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December 22, 2010
Stop your rotation
Rotation is crucial in sports, not because you create this circular movement around a center, but because you stop it. In fact, this act of limiting rotation is even more important in events like sprinting where the body must maintain an efficient straight line of movement (see Sparta Point 9/22/10). Yet, we will focus on more obvious examples of rotation, where the body spins around a vertical axis, such as hitting a baseball or throwing. Most research on overhead rotational athletes, such as baseball and volleyball, examines upper body mechanics, despite the initiation and cessation of these movements by the lower body. However, a 1998 study out of the Department of Orthopedics at Johns Hopkins University concentrated on the legs’ role in throwing a baseball. Collegiate and high school pitchers performed their movements on force plates (see Sparta Point 1/27/10), driving off one plate with the back leg and landing on another plate with the front leg. The results demonstrated that the highest forces were produced by the landing leg, and just below half of that force was produced by the driving leg.We have conducted similar informal studies at Sparta using our force plate, and the major difference between our professional and high school players is this ability to create more force on the landing leg, or the front side. These athletes showed little difference in the ability to start this rotation by driving off the back leg. So whenever you want to rotate, whether it is hitting a baseball or making a cut during an agility run, the focus should be on the landing to stop any excessive spin. Part of this ability to stop rotation is strength, you need to get stiffer to control your rotations, and exercises like single leg jumps and the Olympic lifts can help develop this RATE (see SpartaPoint 12/8/10). The other part of this skill is timing and repetition. So by practicing your baseball swing or running passing routes for football, you’ll teach yourself when to stop the rotation at the best time. Anyone can start rotating; it is the ability to stop it that will define your movement.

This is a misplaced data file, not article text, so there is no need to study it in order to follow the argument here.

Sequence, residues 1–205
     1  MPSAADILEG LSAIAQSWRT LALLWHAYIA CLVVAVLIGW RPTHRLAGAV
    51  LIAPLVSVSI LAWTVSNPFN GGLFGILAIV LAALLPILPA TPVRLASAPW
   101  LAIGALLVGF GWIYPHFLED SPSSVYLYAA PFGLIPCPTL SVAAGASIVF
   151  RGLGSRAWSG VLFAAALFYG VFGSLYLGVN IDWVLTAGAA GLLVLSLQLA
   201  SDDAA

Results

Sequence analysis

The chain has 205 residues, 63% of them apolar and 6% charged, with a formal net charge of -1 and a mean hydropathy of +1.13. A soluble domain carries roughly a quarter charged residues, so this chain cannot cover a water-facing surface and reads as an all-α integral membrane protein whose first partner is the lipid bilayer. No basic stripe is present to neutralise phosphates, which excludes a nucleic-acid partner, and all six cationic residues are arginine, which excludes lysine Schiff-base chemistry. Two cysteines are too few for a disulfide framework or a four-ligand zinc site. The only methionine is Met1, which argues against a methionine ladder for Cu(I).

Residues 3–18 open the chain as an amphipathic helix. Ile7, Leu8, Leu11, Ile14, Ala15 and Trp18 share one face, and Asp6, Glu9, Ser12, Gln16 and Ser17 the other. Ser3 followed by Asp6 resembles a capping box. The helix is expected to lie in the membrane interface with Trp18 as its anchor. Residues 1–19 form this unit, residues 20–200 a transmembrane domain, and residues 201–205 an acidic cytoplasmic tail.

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December 22, 2010
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